Brand NFL

Brand NFL: Making and Selling America's Favorite Sport

Copyright Date: 2007
Pages: 344
  • Cite this Item
  • Book Info
    Brand NFL
    Book Description:

    Professional football today is an $8 billion sports entertainment industry--and the most popular spectator sport in America, with designs on expansion across the globe. In this astute field-level view of the National Football League since 1960, Michael Oriard looks closely at the development of the sport and at the image of the NFL and its unique place in American life. New to the paperback edition is Oriard's analysis of the offseason labor negotiations and their potential effects on the future of the sport, and his account of how the NFL is dealing with the latest research on concussions and head injuries.

    eISBN: 978-1-4696-0499-2
    Subjects: Sociology

Table of Contents

  1. Front Matter
    (pp. i-vi)
  2. Table of Contents
    (pp. vii-x)
    (pp. 1-9)

    Before it became a “brand,” the National Football League had an image. In fact, for most of its first half-century, the NFL had a serious image problem. Football in the United States developed over the final third of the nineteenth century as an intercollegiate game, and colleges created the standard against which other forms of football would be measured into the 1950s. The professional version developed haphazardly in midwestern mill towns for two decades before it was organized in 1920 into what became the National Football League, with franchises in places like Akron and Dayton, Ohio; Hammond, Indiana; and Rock...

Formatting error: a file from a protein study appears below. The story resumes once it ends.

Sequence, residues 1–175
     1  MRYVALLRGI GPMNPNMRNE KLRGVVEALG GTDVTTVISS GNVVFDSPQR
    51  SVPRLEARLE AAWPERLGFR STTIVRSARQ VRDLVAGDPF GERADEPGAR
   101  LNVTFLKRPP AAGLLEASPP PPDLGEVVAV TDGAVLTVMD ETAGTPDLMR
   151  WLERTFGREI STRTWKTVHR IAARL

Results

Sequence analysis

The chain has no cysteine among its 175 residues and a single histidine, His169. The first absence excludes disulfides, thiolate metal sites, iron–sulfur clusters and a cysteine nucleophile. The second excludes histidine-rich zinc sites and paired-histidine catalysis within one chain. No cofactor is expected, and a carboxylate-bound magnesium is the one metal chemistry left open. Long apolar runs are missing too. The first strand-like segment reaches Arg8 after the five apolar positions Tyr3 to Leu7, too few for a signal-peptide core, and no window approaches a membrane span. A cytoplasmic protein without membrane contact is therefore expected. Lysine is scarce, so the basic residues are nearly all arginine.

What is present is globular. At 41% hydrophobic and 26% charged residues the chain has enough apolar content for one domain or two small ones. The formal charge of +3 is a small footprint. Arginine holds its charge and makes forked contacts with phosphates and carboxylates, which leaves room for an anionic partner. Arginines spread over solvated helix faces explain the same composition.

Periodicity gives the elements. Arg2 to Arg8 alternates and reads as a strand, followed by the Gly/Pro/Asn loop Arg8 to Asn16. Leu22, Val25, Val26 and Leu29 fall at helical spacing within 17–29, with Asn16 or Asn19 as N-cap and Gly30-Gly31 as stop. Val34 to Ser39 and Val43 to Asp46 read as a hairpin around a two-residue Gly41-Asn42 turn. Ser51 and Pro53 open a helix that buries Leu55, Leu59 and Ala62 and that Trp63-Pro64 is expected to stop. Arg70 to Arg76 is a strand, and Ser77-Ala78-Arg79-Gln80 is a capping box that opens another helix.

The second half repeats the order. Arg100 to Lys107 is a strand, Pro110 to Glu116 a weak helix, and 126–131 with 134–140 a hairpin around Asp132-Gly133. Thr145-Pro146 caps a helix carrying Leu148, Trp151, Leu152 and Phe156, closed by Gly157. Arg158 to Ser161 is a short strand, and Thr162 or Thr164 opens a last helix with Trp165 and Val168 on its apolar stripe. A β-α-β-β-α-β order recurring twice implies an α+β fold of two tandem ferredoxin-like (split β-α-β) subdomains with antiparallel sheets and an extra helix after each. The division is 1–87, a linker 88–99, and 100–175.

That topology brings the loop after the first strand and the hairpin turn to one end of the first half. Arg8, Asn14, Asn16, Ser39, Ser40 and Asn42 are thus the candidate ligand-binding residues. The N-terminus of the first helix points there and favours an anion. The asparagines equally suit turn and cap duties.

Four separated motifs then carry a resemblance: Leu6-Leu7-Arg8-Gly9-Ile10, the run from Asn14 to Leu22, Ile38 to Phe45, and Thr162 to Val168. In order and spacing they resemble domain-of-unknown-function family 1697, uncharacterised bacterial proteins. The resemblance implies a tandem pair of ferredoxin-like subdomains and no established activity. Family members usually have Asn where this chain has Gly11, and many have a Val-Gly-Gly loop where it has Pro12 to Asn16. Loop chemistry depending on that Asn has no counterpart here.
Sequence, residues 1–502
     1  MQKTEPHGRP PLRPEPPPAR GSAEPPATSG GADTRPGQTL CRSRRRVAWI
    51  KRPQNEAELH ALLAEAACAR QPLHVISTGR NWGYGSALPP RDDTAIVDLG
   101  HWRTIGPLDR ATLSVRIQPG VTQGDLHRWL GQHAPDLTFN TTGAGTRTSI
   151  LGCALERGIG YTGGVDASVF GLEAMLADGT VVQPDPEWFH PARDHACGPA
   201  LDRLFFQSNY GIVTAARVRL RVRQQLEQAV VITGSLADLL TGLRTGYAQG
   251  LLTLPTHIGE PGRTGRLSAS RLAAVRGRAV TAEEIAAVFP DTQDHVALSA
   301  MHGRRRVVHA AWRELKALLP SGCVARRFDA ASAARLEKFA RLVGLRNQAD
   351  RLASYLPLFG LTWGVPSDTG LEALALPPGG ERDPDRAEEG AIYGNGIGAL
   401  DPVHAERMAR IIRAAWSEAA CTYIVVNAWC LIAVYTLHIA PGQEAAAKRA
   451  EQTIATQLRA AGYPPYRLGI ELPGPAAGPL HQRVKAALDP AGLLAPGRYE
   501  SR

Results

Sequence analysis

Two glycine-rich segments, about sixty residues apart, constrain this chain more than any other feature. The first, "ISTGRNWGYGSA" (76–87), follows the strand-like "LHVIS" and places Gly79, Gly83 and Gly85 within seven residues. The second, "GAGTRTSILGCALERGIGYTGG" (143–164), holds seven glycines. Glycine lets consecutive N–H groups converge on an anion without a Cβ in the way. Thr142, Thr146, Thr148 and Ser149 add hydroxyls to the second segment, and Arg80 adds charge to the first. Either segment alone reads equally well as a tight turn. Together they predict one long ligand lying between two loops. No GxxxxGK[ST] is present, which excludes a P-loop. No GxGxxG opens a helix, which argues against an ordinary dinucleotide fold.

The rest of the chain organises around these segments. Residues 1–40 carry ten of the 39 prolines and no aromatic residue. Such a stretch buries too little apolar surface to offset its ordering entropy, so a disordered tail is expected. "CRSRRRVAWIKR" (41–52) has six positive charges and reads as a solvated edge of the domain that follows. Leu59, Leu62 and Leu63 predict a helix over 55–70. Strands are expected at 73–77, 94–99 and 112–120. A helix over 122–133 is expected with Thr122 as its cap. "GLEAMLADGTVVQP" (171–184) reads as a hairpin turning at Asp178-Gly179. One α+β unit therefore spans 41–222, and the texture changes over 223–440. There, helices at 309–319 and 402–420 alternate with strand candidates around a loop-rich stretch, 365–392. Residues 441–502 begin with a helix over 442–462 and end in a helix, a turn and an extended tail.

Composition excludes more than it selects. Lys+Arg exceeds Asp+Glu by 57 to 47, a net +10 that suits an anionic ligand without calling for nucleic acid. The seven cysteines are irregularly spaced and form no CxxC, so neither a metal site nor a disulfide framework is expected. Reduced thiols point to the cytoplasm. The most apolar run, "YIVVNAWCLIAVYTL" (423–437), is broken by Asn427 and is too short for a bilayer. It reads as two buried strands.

(pp. 10-54)

    Professional football became Americans’ favorite spectator sport in the 1960s. It was a decade of great players (as is every decade): Johnny Unitas and Sonny Jurgensen, Lenny Moore and Gayle Sayers, Deacon Jones and Dick Butkus, John Mackey and Raymond Berry. Nearly the entire starting lineup of the Green Bay Packers—Bart Starr, Paul Hornung, Jim Taylor, Boyd Dowler, Max McGee, Jerry Kramer, Fuzzy Thurston, Jim Ringo, Forrest Gregg, Ron Kramer, Willie Davis, Henry Jordan, Ray Nitschke, Herb Adderley, Willie Wood—became household names. Without question, the greatest of them all was Jim Brown, one of the NFL’S few truly...

    (pp. 55-94)

    I entered pro football in 1970 at the end of the NFL’S second brief work stoppage and exited in 1974 at the conclusion of its first full-blown strike. Between these two events passed four relatively uneventful NFL seasons, marked chiefly by the emergence of the Miami Dolphins as the NFL’S newest “dynasty,” and of O. J. Simpson as its greatest individual star. On the field, where in 1973 he became the first to rush for more than 2,000 yards, Simpson was a marvel of speed, grace, and control. Off the field, his good looks and nonthreatening charm would soon make...

    (pp. 95-139)

    The failed strike in the summer of 1974 marked the beginning of a period of conflict that would not be resolved for two decades (and that has continued, though with owners now fighting each other instead of their players). Peace between the NFL Players Association and management arrived only after two more failed strikes and a series of NFLPA victories in court, before a labor agreement was reached in 1993 that became one of the cornerstones of the hugely prosperous new NFL. Al Davis initiated the owners’ internal conflicts when he filed suit in 1980 for the right to move...